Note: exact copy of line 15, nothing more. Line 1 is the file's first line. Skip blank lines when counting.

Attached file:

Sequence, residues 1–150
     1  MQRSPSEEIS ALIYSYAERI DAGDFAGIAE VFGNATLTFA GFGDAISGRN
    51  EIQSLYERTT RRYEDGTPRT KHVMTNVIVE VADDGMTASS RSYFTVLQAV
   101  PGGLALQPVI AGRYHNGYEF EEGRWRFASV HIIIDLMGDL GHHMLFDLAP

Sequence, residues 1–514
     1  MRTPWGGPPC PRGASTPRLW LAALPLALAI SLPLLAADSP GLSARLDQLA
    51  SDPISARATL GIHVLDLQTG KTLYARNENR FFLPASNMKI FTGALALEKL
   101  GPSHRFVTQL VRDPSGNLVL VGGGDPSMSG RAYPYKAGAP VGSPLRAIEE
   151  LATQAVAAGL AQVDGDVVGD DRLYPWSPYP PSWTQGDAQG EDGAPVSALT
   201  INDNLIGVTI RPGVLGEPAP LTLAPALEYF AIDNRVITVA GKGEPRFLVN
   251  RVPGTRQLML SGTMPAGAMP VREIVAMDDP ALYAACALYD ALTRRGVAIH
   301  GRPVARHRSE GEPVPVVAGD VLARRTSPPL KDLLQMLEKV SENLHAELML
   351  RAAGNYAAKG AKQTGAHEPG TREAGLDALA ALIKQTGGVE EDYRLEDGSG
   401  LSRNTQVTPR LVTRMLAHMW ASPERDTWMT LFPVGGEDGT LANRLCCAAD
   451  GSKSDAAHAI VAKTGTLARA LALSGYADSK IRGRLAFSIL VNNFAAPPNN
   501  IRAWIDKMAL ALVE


   451  GSKSDAAHAI VAKTGTLARA LALSGYADSK IRGRLAFSIL VNNFAAPPNN